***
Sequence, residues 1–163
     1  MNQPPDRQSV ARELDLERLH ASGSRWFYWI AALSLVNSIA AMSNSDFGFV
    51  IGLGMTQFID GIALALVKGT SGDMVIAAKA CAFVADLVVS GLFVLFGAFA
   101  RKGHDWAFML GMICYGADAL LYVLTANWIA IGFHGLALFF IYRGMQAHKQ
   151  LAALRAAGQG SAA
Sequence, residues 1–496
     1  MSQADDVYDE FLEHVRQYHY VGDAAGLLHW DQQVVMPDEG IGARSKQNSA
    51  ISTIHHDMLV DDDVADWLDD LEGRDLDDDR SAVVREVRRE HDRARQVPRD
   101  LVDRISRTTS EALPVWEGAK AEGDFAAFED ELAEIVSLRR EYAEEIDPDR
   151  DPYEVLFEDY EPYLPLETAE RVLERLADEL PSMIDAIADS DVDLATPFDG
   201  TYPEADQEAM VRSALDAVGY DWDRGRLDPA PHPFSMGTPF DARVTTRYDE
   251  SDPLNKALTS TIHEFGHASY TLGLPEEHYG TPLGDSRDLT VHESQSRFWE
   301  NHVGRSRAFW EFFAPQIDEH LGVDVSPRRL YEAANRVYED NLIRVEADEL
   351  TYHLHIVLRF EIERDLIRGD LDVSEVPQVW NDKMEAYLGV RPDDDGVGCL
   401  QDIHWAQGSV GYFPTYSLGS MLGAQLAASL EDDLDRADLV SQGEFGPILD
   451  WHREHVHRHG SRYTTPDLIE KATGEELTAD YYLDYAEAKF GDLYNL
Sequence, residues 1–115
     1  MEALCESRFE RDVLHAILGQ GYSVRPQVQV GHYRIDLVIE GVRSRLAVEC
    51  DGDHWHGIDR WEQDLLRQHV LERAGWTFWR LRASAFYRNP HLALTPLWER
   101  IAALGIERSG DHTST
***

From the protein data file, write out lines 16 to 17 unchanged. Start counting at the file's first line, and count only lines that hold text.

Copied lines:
   451  WHREHVHRHG SRYTTPDLIE KATGEELTAD YYLDYAEAKF GDLYNL
Sequence, residues 1–115